What does an effective short business plan look like?

We’ve recently discussed the key advantages and primary risk of short business plans. But just what should an effective short business plan contain?

To answer this, first put yourself in the shoes of the investor, banker or partner who will read your plan. It’s simple: they want to be convinced that you can make them money. Your plan must tell them:

1. What the opportunity is. Who are the customers that will buy your product or service? What do they need that they can’t get now? How will you meet this need? How will you fend off competitors? How will you get paid?

2. What you’ll do with their investment. How will you spend their money? What projects and tasks will your company perform?

3. How you’ll be held accountable. What milestones will you reach? By when?

4. What financial results you expect. What will your revenues, cost of goods sold and profit look like? For bankers, will these be sufficient to pay back their loan? For investors, will these be sufficient to create their desired valuation?

These points can be linked together to form a compelling story. Here’s an abbreviated example that combines the above points to form a narrative:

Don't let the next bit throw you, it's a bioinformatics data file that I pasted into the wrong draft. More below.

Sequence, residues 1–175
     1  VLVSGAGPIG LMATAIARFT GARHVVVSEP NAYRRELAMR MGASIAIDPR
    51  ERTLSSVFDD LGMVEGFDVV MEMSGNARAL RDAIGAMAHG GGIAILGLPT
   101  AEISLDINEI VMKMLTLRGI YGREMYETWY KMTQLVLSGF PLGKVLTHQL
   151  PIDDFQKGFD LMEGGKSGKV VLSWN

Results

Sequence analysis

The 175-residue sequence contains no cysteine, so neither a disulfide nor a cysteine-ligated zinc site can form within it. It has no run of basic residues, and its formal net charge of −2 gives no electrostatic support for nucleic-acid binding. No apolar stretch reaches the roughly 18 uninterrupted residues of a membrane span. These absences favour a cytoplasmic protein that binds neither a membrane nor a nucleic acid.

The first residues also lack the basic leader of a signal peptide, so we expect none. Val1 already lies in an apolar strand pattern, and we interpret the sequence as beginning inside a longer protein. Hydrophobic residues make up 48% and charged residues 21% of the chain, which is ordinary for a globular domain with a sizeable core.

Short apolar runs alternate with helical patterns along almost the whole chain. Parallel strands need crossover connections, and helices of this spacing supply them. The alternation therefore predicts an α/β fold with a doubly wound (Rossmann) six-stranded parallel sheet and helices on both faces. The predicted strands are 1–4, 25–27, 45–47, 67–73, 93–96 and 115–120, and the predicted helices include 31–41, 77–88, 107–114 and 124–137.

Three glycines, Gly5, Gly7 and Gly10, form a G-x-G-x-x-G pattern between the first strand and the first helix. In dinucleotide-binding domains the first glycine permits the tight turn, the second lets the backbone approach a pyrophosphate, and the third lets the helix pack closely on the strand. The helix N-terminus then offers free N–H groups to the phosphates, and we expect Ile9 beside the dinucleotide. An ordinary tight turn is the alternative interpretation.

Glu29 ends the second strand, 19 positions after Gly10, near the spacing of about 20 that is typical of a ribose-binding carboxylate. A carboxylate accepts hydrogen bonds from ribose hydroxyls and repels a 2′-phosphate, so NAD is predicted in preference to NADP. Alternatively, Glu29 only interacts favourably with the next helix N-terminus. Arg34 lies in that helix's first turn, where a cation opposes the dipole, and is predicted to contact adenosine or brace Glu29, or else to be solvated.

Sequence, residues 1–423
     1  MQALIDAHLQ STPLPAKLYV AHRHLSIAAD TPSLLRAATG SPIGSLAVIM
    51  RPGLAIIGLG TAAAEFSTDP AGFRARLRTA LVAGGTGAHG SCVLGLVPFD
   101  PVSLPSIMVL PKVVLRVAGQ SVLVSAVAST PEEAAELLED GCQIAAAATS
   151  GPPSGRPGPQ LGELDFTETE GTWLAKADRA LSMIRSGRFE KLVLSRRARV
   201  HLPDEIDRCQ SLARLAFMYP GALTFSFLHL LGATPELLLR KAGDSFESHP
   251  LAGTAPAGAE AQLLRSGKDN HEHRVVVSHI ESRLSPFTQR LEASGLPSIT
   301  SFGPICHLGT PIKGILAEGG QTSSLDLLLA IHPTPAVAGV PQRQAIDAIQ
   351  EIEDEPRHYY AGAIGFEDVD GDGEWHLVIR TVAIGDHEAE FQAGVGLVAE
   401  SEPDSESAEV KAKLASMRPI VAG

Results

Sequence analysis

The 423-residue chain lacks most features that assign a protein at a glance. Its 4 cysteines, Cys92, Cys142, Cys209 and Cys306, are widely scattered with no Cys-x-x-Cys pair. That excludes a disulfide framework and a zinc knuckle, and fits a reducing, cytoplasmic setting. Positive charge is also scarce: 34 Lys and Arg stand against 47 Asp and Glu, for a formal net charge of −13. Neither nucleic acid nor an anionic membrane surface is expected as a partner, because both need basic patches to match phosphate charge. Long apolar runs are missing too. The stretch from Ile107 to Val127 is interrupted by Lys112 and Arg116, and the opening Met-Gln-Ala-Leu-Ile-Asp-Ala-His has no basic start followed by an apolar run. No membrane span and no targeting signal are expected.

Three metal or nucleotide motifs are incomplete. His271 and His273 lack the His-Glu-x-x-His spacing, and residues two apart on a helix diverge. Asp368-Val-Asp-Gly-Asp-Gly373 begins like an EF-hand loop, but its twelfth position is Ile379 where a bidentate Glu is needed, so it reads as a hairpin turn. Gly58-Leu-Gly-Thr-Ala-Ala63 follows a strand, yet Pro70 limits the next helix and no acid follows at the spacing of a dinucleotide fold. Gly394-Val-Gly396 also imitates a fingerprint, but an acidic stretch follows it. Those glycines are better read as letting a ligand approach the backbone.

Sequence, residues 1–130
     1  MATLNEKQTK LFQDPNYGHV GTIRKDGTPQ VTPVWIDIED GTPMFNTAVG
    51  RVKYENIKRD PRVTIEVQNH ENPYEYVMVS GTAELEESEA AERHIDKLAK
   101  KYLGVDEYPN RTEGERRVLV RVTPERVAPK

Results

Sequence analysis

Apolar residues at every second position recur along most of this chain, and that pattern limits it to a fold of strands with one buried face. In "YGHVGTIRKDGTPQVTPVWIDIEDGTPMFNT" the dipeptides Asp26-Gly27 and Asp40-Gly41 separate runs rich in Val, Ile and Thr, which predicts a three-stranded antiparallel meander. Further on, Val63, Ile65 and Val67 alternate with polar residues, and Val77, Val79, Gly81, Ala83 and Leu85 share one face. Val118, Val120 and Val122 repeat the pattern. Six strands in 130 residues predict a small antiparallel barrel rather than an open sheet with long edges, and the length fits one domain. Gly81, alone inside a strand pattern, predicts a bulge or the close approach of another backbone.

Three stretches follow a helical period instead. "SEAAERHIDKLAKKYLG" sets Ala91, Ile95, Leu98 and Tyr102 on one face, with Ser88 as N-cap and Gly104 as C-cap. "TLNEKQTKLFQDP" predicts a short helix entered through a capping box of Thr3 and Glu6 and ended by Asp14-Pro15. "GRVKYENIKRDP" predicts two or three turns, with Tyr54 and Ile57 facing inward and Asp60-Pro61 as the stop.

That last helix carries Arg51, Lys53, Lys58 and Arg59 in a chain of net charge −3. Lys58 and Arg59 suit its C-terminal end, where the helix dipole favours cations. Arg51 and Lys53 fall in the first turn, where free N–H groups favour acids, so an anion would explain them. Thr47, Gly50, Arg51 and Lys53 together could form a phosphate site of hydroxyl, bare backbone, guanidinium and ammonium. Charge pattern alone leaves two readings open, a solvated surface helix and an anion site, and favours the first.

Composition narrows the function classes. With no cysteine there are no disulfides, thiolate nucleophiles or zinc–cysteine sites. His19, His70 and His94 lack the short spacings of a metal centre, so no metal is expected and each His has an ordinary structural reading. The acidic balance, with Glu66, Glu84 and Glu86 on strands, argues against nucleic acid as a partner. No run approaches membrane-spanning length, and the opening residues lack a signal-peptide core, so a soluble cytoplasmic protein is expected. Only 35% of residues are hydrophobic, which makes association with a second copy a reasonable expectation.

Each year 2,000,000 people visit Florence, Italy. While most are content to stay in the city and enjoy its amazing architecture, art and food, 17% (340,000 individuals) will venture into the surrounding Tuscan countryside to experience its castles, vineyards and natural beauty. Many of them, particularly those under 45 years old, will gladly pay €120 for a one-day guided tour while driving a Vespa scooter.

For the past 2 years we have offered just such a tour and our 5 Vespas have been 92% booked during the six months from June to November. Now we want to double the number of tours we offer, strengthen our website, and add a part-time office staff to help with scheduling. We wish to borrow €25,000 in December 2012 to make this happen.

We’ll revamp our website by February 28, 2013 at a cost of €5,000. Five new “Vespa LX 50” scooters will cost an additional €12,500. With the remaining €7,500 we’ll hire a part-time staff at the beginning of May and have them trained in time for our June 1 opening.

June’s revenues will jump 40% over last year and we’ll reach full capacity by the end of the 2013 season. 2013 revenues will therefore rise by €70,000 over 2012 with a corresponding rise in operating profit of €15,000. 2014 revenues and profit will increase a further €30,000 and €21,000 respectively. The increased operating profit of €99,000 over five years is more than sufficient to re-pay the €25,000 loan within five years.

What do you think? If you were their banker would you be convinced?

Next: The heart of your business plan – two things you MUST write about .